Slow as you can stand if you want your shock absorbers to last a bit longer. Shocks are typically oil filled canisters that use the oil to quell the desire of the spring to keep bouncing, by forcing the oil through small holes. Doing so degrades the oil over time making it less viscous. The harder and more often you slam the oil, the quicker it degrades. Most shocks fail because a seal failure causes an oil leak but they can get worm out and have little damping action if the oil gets too thin
If the bumps don’t extend all the way across, take them so they alternately bang only the left or right wheels (drive so one set of wheels bypasses the bump, by going near the kerb).
Additionally if you can arrange it so you're carrying out a right hand turn/sweep as the left wheels pass in the gutter and the right wheels pass over the speed bump, you'll experience less of a bang, because the center of gravity of the car is shifted to the left due to the right hand turn, and its thus easier for the speed bump to lift th right hand side of the car
I've mused over whether taking it at an angle is better or worse, so the front right wheel takes the bump first followed by the front left, back right, back left (or vice versa on the other diagonal) and I believe it to be detrimental, chiefly because it's far more uncomfortable so I reason that the forces applied to the occupants seem greater and in opposition and the car components experience similar. Thinking it out further, if the car were a wheel barrow, hitting with one front wheel is asking the car to be picked up by one corner (one handle), not only twisting the chassis but asking a localised point to carry the load. The anti roll bar and mount points experience more twist force as they try to compress the opposing suspension, then there's a twist the other way as the second wheel hits, carries the load and the first wheel is relatively "in the air". All in, I don't think his approach is as good as both wheels in tandem, no teistibg and sharing the weight of the car across both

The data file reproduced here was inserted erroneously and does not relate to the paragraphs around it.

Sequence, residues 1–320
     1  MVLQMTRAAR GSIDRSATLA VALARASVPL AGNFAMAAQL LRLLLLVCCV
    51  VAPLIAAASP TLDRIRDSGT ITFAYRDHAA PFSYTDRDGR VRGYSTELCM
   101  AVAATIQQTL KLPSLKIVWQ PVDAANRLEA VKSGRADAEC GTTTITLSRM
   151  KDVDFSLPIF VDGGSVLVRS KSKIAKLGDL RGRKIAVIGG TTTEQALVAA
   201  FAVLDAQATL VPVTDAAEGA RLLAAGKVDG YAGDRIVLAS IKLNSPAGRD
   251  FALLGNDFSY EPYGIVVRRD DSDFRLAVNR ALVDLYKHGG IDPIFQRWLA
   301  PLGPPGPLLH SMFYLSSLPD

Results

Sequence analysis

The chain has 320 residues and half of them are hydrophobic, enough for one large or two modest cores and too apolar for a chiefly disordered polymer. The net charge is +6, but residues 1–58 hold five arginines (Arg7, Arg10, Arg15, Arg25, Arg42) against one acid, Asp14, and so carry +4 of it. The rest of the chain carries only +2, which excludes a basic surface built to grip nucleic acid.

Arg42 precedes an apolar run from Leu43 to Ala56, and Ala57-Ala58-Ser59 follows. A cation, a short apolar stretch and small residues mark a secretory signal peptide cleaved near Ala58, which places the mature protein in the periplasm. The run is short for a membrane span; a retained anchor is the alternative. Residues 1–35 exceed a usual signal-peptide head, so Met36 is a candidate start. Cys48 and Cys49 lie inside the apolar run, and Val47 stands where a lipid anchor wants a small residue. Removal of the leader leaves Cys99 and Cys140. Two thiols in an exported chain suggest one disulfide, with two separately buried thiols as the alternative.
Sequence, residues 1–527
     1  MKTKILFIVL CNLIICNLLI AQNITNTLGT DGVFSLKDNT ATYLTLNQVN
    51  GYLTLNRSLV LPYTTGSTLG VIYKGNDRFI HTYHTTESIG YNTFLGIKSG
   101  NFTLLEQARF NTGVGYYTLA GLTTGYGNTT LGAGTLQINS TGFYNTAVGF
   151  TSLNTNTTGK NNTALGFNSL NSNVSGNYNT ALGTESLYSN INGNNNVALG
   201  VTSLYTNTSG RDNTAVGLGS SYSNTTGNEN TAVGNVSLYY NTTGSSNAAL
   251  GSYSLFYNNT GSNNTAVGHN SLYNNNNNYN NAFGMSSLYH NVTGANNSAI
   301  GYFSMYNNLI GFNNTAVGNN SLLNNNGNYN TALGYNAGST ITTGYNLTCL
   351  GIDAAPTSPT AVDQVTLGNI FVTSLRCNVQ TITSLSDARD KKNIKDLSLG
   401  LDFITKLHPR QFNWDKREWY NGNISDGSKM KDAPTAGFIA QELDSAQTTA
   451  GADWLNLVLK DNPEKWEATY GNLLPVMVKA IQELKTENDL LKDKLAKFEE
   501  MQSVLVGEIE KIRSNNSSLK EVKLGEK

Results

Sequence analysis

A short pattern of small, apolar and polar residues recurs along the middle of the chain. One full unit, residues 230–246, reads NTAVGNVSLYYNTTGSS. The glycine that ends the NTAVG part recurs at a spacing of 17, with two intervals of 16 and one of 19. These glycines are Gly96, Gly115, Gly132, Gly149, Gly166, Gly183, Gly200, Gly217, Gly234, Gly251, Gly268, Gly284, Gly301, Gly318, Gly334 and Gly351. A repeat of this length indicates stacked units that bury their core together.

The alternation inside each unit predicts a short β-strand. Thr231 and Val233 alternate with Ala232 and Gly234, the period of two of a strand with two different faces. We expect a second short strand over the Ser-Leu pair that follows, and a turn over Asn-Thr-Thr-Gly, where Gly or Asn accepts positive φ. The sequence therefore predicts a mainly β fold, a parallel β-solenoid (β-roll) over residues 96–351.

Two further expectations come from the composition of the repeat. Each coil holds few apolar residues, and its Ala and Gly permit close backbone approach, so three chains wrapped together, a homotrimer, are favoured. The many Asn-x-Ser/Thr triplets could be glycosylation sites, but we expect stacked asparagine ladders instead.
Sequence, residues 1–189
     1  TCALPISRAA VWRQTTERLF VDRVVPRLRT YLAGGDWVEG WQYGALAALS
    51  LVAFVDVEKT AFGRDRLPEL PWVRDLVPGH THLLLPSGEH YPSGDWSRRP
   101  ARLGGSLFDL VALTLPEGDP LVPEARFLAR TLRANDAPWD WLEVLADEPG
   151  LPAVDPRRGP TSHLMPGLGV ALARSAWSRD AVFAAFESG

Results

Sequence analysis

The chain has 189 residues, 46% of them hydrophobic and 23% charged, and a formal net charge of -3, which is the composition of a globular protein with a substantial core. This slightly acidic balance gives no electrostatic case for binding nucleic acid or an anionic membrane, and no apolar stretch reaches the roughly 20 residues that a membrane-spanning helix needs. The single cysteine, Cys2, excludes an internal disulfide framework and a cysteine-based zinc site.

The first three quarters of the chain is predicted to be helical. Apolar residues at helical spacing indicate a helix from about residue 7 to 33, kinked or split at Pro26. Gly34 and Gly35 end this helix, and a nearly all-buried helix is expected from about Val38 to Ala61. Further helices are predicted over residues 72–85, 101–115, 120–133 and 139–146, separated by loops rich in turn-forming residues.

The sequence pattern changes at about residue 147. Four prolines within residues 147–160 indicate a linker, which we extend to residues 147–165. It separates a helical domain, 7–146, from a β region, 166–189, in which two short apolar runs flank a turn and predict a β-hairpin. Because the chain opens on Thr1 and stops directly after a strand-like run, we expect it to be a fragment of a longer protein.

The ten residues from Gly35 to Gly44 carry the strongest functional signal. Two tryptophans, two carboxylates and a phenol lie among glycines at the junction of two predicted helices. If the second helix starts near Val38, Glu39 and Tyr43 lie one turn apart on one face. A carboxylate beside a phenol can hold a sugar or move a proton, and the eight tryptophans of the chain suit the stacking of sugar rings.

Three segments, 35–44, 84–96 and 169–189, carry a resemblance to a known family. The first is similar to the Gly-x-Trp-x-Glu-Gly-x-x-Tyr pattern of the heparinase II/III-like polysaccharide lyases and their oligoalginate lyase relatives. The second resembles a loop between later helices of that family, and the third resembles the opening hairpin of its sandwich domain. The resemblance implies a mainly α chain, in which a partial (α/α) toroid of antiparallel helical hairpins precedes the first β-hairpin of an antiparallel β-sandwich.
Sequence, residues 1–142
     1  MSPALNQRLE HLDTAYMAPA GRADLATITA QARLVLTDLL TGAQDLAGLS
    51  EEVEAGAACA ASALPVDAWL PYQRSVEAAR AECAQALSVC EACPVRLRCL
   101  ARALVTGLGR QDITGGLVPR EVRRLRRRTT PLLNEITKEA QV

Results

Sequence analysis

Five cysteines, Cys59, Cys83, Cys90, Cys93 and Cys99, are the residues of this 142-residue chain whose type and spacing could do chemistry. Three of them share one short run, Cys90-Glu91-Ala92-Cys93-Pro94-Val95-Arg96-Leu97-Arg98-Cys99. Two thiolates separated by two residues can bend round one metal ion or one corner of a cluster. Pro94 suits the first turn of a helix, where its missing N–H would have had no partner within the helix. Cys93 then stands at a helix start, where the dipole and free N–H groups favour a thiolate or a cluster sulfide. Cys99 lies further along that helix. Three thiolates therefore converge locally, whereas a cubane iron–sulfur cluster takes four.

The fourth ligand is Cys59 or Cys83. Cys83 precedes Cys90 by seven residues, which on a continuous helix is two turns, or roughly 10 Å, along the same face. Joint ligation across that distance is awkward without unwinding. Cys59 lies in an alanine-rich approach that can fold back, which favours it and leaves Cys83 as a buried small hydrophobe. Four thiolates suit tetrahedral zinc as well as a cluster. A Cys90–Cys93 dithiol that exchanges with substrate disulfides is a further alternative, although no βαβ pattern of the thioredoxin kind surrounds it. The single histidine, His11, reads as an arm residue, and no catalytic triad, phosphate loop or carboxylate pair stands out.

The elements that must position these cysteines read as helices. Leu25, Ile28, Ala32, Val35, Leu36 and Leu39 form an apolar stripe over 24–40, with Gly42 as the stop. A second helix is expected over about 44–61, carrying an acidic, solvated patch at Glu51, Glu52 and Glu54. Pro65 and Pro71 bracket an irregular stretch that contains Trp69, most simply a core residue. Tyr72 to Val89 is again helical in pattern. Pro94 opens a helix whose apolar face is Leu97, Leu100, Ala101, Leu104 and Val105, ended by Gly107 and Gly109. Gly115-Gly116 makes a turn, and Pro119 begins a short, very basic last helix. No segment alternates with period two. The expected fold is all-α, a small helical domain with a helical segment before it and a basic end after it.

If no smooth gutter is available I just proceed square on at a medium/high speed so there’s a bang but the cabin doesn’t rocket skyward much, but then I don’t drive an expensive car and do repairs myself. Also if a speed bump was so severe that it will bottom out the suspension (cause the wheel to move up so much that the suspension it hits the rubber bump-stop at the top of its travel) I’ll take those a bit slower. Regularly hitting bump stops can induce structural failure in the chassis or suspension
I also find that gaining speed and then coasting/rolling over bumps in neutral/clutch depressed is more comfortable for car occupants/lurches less than driving over them